Your Spring Break plans may include one “pillar” that you’re inviting students to – a ski trip, a mission trip, etc. – or may involve your students pursuing a variety of paths (including things like “Alternative Spring Break” with others on the campus).
Regardless, have you considered facilitating some sort of process to follow those events? (Always a big deal!)
In this case, the question itself is more important than any examples I could give (but don’t worry, I love examples). Simply examine what your students – individually or together – are doing, and ask yourself if any discipleship process might take advantage of those activities. You’ll have your answer.
But I will give a few examples, to note the varieties of “hooks” that might be involved here:
- Offering four weeks to unpack “God’s heart for the nations” for all the students who went on the mission trip… and maybe others who didn’t get to go, to let them “catch” the impact of the trip too
- A new leadership study that you advertise first to all those on the ski trip, maximizing the opportunity for them to continue the relationships that develop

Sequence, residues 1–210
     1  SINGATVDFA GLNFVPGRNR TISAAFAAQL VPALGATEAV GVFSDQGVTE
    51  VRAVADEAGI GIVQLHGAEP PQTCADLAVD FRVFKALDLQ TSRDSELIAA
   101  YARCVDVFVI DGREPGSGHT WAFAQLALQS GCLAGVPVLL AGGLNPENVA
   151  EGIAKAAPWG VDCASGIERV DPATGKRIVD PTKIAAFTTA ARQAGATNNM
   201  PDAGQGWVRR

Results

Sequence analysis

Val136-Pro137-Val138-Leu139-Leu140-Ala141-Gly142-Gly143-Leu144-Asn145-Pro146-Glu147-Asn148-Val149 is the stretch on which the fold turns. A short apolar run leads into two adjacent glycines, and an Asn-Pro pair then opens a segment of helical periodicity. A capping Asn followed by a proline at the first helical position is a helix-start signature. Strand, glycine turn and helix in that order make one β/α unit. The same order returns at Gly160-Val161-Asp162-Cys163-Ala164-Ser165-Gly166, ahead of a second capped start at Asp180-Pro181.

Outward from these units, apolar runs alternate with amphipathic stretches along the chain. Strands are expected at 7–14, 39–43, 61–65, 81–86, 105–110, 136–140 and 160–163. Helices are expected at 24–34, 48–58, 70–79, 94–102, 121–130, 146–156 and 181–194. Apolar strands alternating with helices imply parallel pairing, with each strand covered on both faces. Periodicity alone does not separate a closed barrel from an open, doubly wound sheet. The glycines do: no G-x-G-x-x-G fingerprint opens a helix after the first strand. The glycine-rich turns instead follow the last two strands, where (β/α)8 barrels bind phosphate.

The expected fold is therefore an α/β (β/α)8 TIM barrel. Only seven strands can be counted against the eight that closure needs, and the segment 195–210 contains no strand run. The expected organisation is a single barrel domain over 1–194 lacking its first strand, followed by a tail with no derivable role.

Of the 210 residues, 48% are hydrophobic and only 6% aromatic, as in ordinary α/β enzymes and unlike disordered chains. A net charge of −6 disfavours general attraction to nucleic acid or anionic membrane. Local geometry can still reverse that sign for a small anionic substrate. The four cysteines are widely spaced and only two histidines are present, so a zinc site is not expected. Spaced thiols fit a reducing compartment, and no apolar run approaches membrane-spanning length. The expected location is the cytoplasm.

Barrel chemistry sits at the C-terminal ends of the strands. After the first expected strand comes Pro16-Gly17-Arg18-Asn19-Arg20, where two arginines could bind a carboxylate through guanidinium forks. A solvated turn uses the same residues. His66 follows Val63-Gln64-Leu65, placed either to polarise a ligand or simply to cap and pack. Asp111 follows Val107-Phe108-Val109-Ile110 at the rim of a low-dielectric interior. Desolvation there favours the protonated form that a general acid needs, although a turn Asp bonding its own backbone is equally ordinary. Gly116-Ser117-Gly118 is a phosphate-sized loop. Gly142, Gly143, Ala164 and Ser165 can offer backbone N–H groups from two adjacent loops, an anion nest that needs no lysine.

- Inviting everyone who did missions and/or Alternative Spring Break on their own to join for a Debrief Session (or follow-up studies as described above)
- Hosting an “Impacting Your Family This Summer” class that starts right after Spring Break (since over Spring Break, many students will be primed to think about this topic)
- Offering a one-time (or even few-week!) session called “Atoning after Spring Break Debauchery” that you offer to the whole campus
I’m not even kidding about that last one – you’d just have to know your campus well (and be brave). Cool evangelism opportunity if you take it.
But again: Note what your students (or all students) are doing over Spring Break, and then go from there: How can you double-down on what’s learned, friendships that are built, or felt needs that are grown?